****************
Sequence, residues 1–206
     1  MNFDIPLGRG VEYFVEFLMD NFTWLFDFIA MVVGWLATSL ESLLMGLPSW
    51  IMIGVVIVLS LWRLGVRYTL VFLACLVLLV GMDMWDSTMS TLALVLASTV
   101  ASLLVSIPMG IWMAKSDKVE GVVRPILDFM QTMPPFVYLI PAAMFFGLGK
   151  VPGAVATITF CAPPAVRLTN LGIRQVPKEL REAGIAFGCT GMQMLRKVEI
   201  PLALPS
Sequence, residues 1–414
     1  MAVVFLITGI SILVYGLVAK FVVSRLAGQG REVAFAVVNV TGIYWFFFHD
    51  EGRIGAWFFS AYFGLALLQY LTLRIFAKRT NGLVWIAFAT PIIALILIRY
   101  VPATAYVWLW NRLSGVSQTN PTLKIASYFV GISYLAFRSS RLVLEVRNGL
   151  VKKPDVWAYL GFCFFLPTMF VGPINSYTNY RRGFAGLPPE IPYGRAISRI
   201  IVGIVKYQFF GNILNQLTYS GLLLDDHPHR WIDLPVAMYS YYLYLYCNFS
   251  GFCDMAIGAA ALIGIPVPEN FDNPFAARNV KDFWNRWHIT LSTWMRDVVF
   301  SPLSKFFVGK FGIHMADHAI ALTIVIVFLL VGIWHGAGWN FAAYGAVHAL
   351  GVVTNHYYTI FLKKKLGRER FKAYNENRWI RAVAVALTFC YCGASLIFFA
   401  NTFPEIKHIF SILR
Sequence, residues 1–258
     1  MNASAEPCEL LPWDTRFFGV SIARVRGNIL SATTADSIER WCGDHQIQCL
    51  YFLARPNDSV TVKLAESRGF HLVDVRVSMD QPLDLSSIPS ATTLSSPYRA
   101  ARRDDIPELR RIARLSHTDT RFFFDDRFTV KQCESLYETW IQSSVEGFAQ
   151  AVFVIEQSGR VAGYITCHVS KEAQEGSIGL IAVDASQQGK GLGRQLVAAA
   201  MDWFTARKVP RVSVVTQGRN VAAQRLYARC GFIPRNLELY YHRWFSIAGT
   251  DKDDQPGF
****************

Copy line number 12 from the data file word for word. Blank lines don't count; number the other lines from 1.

   201  IVGIVKYQFF GNILNQLTYS GLLLDDHPHR WIDLPVAMYS YYLYLYCNFS